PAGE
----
NSW cancels out fatal truck crash falls in other states


BITRE stats show spike keeping heavy truck totals steady

NSW cancels out fatal truck crash falls in other states
The BITRE graph from its latest bulletin

 

Standing still may be going forward in a statistical sense for heavy vehicle fatal-crash figures, given the number of trucks on the road continues to rise, but the dismal fact remains there has been no sustained improvement in numbers for four years.

The Bureau of Infrastructure, Transport and Regional Economics’ (BITRE) latest Fatal heavy vehicle crashes Australia quarterly bulletin shows fatal crashes involving heavy trucks rose 2.4 per cent is 2017, from 164 to 168, and fell by an average of 1.9 per cent a year for the preceding three years.

But the trend has been even since 2013, a year that saw fatals involving articulated and heavy rigid trucks fall from around 200.

Articulated fatal crashes rose 3.3 per cent last year, from 92 to 95, and fell an average of 2.7 per cent in each of the previous three years, while for heavy rigids, that was up 2.6 per cent, 77 to 79, and down 1.6 per year.

As has been the focus of sustained attention, New South Wales has seen all the articulated crash increase, up nearly 82 per cent, from 22 to 40, over a year in which 11 such crashes occurred in each of the first three quarters before subsiding to seven in the fourth.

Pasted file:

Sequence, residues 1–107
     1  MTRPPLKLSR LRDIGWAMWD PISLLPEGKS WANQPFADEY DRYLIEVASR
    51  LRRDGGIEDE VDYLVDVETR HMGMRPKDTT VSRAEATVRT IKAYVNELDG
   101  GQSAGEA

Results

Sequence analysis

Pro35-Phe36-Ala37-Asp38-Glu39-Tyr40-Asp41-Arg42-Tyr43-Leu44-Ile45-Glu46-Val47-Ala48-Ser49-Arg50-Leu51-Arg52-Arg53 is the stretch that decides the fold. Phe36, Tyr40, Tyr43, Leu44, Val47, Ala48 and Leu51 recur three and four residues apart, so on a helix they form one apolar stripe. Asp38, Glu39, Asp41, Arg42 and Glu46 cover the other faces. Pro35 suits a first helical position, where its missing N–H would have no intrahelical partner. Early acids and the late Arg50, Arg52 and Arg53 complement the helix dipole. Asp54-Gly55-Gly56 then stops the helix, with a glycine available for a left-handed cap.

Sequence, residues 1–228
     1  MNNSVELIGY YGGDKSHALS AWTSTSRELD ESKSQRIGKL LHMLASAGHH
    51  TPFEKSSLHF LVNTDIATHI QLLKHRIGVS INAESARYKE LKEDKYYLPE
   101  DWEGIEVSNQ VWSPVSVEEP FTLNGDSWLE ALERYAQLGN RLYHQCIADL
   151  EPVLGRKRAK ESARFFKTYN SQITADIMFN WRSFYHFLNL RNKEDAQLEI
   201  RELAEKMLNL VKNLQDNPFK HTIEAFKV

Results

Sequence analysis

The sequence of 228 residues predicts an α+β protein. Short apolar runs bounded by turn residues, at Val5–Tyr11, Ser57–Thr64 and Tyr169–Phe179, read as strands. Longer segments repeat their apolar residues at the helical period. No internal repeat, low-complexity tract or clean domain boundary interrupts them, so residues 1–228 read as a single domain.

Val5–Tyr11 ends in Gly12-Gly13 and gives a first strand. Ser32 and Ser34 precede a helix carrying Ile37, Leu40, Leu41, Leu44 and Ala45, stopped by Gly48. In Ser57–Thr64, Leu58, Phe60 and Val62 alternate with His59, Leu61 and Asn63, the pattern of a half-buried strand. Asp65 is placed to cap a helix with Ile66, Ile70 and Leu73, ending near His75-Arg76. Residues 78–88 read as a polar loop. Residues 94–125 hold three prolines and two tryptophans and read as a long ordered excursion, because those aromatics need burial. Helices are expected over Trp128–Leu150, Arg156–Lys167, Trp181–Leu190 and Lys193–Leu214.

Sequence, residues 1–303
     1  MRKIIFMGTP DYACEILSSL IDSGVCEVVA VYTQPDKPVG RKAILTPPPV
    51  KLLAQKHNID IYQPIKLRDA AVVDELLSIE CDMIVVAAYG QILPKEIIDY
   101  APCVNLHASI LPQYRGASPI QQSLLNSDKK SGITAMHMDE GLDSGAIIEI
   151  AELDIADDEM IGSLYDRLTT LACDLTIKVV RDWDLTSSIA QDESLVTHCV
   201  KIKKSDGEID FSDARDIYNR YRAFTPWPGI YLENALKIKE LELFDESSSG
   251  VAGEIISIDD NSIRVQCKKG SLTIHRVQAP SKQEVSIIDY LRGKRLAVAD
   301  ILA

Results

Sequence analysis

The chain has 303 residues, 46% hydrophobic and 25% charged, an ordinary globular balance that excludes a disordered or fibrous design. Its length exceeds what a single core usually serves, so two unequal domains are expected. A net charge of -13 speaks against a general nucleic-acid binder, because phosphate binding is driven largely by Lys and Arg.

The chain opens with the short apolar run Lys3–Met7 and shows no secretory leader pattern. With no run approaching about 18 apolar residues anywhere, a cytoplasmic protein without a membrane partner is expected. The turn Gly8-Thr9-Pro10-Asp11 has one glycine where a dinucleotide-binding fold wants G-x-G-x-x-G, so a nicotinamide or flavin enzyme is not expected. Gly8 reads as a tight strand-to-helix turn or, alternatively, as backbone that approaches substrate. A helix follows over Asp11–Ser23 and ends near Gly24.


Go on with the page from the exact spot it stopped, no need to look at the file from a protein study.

However, the average for the years 2013-2015 was close to 30.

By contrast, the worst 2016 quarter was June, with seven.

Also well noted was that other states recorded fewer such crashes or were even, with Queensland and South Australia down 26 per cent and 30 per cent respectively.

Victoria and Western Australia were even at 20 and nine respectively.

It was a somewhat different story for heavy rigid fatal crashes.

NSW recorded a six per cent rise for the year, from 32 to 34, though the years 2013-2015 had totals of 24, 21 and 25.

All other states bar Western Australia, up from 11 to 14, showed falls, with Queensland and South Australia again showing the way down, with 15 and 37 per cent respectively.

Over the past three years, Victoria and South Austrlia have shown the greatest improvement, down 17 and 21 per cent respectively.

 

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